Just as the Tories found it virtually impossible to land blows on Tony Blair in the run-up to the 1997 election, Labour may find Mr Cameron an elusive target.

React Now

Latest stories from i100
Have you tried new the Independent Digital Edition apps?
iJobs Job Widget
iJobs General

Recruitment Genius: Massage Therapist / Sports Therapist / Physio / Osteopath

£12000 - £24000 per annum: Recruitment Genius: An opportunity has arisen for o...

Recruitment Genius: Account Manager / Sales Executive - Contract Hire

£35000 - £60000 per annum: Recruitment Genius: This industry leader provides c...

Recruitment Genius: Project Coordinator

£28000 - £30000 per annum: Recruitment Genius: A Project Coordinator is requir...

Recruitment Genius: Area Sales Manager - Midlands

£20000 - £25000 per annum: Recruitment Genius: This is an exciting opportunity...

Day In a Page

Read Next
 

Don’t pity me for eating alone, just give me a better table

Rosie Millard
Aerial view of planned third runway at Heathrow  

Heathrow expansion: This final 'conclusion' has simply fanned the airport flames

Chris Blackhurst
John Palmer: 'Goldfinger' of British crime was murdered, say police

Murder of the Brink’s-MAT mastermind

'Goldfinger' of British crime's life ended in a blaze of bullets, say police
Forget little green men - aliens will look like humans, says Cambridge University evolution expert

Forget little green men

Leading evolutionary biologist says aliens will look like humans
The Real Stories of Migrant Britain: An Algerian scientist adjusts to life working in a kebab shop

The Real Stories of Migrant Britain

An Algerian scientist struggles to adjust to her new life working in a Scottish kebab shop
Bodyworlds museum: Dr Gunther von Hagens has battled legal threats, Parkinson's disease, and the threat of bankruptcy

Dying dream of Doctor Death

Dr Gunther von Hagens has battled legal threats, Parkinson's disease, and the threat of bankruptcy
UK heatwave: Temperature reaches 39.8 degrees on Central Line - the sweatiest place in London

39.8 degrees recorded on Tube

There's hot (London) and too damn hot (the Underground). Simon Usborne braved the Central line to discover what its passengers suffer
Kitchens go hi-tech: From robot chefs to recipe-shopping apps, computerised cooking is coming

Computerised cooking is coming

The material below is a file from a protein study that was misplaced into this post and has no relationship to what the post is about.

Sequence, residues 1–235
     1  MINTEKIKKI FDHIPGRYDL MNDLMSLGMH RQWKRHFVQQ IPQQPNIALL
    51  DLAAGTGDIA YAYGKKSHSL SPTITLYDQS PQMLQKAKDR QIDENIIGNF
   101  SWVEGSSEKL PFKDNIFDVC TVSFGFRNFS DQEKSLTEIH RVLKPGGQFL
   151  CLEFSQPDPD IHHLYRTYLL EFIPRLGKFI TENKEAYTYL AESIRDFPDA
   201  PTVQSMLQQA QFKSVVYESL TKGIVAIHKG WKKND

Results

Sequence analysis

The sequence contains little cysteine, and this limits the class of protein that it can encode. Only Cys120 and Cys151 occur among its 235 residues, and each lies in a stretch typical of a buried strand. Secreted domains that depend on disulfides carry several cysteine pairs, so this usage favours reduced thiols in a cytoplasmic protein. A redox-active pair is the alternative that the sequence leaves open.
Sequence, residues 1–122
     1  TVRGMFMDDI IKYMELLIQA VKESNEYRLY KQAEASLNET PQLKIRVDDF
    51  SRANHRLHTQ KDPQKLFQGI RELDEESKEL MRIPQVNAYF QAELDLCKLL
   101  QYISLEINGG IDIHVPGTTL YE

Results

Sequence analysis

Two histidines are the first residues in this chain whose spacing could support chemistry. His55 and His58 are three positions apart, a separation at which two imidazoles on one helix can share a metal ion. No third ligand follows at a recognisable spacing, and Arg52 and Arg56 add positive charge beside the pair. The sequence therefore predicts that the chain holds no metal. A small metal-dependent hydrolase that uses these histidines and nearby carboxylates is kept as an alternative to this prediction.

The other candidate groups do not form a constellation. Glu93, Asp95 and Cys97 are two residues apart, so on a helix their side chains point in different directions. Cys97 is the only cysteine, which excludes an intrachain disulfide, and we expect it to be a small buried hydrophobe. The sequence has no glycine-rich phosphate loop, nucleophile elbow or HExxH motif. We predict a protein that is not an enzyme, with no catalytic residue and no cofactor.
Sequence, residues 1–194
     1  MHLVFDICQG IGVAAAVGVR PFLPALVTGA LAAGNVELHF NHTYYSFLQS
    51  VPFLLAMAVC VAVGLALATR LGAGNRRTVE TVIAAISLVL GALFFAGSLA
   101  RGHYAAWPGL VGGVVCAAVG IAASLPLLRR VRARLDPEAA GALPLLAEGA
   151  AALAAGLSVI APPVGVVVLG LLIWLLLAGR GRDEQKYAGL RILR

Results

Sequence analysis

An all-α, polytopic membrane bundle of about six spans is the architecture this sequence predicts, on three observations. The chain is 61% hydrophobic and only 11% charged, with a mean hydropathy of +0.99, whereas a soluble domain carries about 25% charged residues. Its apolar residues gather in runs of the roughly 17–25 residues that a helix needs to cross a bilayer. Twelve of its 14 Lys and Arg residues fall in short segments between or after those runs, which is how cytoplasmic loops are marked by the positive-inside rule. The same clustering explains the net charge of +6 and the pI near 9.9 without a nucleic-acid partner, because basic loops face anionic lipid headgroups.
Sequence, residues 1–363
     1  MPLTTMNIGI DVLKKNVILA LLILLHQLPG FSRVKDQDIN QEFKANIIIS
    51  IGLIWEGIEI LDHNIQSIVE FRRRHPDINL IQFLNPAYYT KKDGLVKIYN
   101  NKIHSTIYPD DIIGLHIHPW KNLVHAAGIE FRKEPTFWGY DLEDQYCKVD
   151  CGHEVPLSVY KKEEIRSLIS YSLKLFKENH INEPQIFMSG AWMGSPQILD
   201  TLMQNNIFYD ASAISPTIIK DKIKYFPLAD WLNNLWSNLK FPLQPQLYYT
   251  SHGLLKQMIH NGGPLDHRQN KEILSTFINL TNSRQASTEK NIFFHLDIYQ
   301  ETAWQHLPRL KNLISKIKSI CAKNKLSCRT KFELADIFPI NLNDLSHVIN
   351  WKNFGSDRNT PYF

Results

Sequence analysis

From apps that automatically make shopping lists from your recipe books to smart ovens and robot chefs, Kevin Maney rounds up innovations to make your mouth water
Jessie Cave interview: The Harry Potter star has published a feminist collection of cartoons

Jessie Cave's feminist cartoons

The Harry Potter star tells Alice Jones how a one-night stand changed her life
Football Beyond Borders: Even the most distruptive pupils score at homework club

Education: Football Beyond Borders

Add football to an after-school homework club, and even the naughtiest boys can score
10 best barbecue books

Fire up the barbie: 10 best barbecue books

We've got Bibles to get you grilling and smoking like a true south American pro
Wimbledon 2015: Nick Bollettieri - Junk balls and chop and slice are only way 5ft 1in Kurumi Nara can live with Petra Kvitova’s power

Nick Bollettieri's Wimbledon Files

Junk balls and chop and slice are only way 5ft 1in Kurumi Nara can live with Petra Kvitova’s power
Ron Dennis exclusive: ‘This is one of the best McLaren teams ever – we are going to do it’

‘This is one of the best McLaren teams ever – we are going to do it’

Ron Dennis shrugs off a poor start to the season in an exclusive interview, and says the glory days will come back
Seifeddine Rezgui: What motivated a shy student to kill 38 holidaymakers in Tunisia?

Making of a killer

What motivated a shy student to kill 38 holidaymakers in Tunisia?
UK Heatwave: Temperatures on the tube are going to exceed the legal limit for transporting cattle

Just when you thought your commute couldn't get any worse...

Heatwave will see temperatures on the Tube exceed legal limit for transporting cattle
Exclusive - The Real Stories of Migrant Britain: Swapping Bucharest for London

The Real Stories of Migrant Britain

Meet the man who swapped Romania for the UK in a bid to provide for his family, only to discover that the home he left behind wasn't quite what it seemed
Cheaper energy on the way, but it's not all sunshine and rainbows

Cheaper energy on the way, but it's not all sunshine and rainbows

Solar power will help bring down electricity prices over the next five years, according to a new report. But it’s cheap imports of ‘dirty power’ that will lower them the most